Israel introduced a draft resolution on October 31, 1980 to the United Nations General Assembly proposing the establishment of a NWFZ in the Middle East. The resolutions calls for convening a conference of all Middle East and adjacent states with a view to negotiating a NWFZ. In later exchanges on the subject Israel made it clear that successful completion of the "Peace Process" was a precondition for accepting the NWFZ. Israel has also indicated that a regional approach to nuclear arms control is to be preferred over accession to the NPT. For an extensive discussion of the nuclear weapons status and prospects in the Middle East, see Shai Feldman, Nuclear Weapons and Arms Control (Cambridge, Mass.: MIT Press for the Center for Science and International Affairs, Harvard University, 1997).


Arms Control and Disarmament Agreements, op. cit., p. 100.


HEU is of particular concern because it can be used in a simple gun-assembly-type nuclear device and hence would be attractive to a wider range of would-be proliferators. But HEU can be diluted with other naturally occurring isotopes of uranium to make low-enriched uranium (LEU), which cannot sustain the fast-neutron chain reaction needed for a nuclear explosion. LEU is the fuel used for most of the world's nuclear power reactors. The technology required to return LEU to weapons-grade uranium is costly, time consuming, and not readily available.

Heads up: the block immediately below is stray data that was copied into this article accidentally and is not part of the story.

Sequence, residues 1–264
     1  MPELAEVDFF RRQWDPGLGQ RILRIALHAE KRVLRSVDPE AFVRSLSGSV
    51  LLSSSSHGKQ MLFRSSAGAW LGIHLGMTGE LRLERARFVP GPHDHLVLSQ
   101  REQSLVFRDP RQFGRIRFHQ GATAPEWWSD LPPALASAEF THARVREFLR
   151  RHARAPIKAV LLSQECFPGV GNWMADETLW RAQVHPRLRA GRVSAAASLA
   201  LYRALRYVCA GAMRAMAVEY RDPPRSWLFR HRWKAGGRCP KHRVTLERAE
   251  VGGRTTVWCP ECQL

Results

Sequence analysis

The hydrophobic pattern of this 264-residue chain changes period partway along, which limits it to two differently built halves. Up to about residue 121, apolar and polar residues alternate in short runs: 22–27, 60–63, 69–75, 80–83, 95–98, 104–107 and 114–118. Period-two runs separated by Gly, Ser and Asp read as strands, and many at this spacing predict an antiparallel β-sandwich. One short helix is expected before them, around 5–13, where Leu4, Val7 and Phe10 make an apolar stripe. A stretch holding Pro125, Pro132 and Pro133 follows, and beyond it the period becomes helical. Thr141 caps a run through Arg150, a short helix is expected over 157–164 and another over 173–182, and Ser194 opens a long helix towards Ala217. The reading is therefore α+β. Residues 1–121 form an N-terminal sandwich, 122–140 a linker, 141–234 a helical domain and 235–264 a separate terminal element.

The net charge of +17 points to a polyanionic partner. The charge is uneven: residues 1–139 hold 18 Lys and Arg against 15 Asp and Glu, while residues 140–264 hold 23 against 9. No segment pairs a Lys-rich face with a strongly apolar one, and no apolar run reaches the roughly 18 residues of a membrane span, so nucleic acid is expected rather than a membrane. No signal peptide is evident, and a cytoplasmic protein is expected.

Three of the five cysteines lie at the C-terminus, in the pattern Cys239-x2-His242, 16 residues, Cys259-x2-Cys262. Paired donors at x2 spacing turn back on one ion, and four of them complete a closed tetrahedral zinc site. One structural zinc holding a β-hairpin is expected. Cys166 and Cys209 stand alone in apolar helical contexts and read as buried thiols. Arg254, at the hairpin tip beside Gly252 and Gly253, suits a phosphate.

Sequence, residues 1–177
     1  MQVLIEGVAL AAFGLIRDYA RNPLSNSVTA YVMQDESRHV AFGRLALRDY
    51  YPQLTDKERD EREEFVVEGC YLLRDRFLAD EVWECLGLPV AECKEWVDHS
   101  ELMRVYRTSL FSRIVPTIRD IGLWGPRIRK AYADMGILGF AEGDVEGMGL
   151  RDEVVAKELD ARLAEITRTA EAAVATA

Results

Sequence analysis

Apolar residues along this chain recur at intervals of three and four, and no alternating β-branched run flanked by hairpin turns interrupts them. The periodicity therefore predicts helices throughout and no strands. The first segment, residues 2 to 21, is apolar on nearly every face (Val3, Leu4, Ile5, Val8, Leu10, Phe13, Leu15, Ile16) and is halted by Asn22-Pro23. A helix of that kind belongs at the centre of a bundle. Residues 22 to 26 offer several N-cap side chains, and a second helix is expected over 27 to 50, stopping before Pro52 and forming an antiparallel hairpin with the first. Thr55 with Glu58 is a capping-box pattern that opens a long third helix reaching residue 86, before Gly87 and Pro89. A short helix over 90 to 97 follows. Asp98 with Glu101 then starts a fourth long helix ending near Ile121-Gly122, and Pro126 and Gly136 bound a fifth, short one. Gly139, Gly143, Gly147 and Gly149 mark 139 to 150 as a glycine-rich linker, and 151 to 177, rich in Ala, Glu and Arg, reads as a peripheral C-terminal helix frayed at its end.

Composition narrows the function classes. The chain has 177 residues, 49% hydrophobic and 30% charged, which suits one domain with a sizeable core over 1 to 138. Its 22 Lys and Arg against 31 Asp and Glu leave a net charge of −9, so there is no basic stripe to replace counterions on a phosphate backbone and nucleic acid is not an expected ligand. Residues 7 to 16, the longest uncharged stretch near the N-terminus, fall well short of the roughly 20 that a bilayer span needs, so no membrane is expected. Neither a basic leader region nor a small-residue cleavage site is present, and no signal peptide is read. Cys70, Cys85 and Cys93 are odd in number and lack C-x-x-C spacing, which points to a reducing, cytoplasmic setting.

Management and Disposition of Excess Weapons Plutonium, op. cit., p. 31.


Note that India, Israel, and Pakistan are not members of the NPT, which means they are exempt from the treaty's requirement for full-scope safeguards on their nuclear programs.


U.S. Department of Energy, Plutonium: The First 50 Years (Washington, D.C.: U.S. DOE, February 1996). Unlike the United States, Russia also has stocks of separated reactor-grade plutonium, which would need to be included in any such declarations.


"Strategic Forces Now in the Forefront of Russia's Defence—Commander," BBC Summary of World Broadcasts, Part I, the Former USSR, December 19, 1996, No. SU/2799, pp. S1/1-S1/2.


NATO issued a statement on December 10, 1996 that it had "no intention, no plan, and no reason to deploy nuclear weapons on the territory of new members" ("Final Communique Issued at the Ministerial Meeting of the North Atlantic Council," NATO Press Communique M-NAC-2 (96)165, December 10, 1996).


James A. Baker III with Thomas M. Defrank, The Politics of Diplomacy (New York: GP Putnam's Sons, 1995), p. 359. This ambiguity was conveyed to Saddam Hussein in a letter from President Bush just before the start of the Gulf War. The relevant passage reads: "The United States will not tolerate the use of chemical or biological weapons, support of any kind for terrorist actions, or the destruction of Kuwait's oilfields and installations. The American people would demand the strongest possible response." ("Confrontation in the Gulf: Text of Letter from Bush to Hussein," The New York Times, January 13, 1991). Despite the U.S. warning, Iraq did undertake destruction of the Kuwaiti oilfields.


Management and Disposition of Excess Weapons Plutonium, op. cit., p. 34.

The National Academies | 500 Fifth St. N.W. | Washington, D.C. 20001
Copyright © National Academy of Sciences. All rights reserved.
Terms of Use and Privacy Statement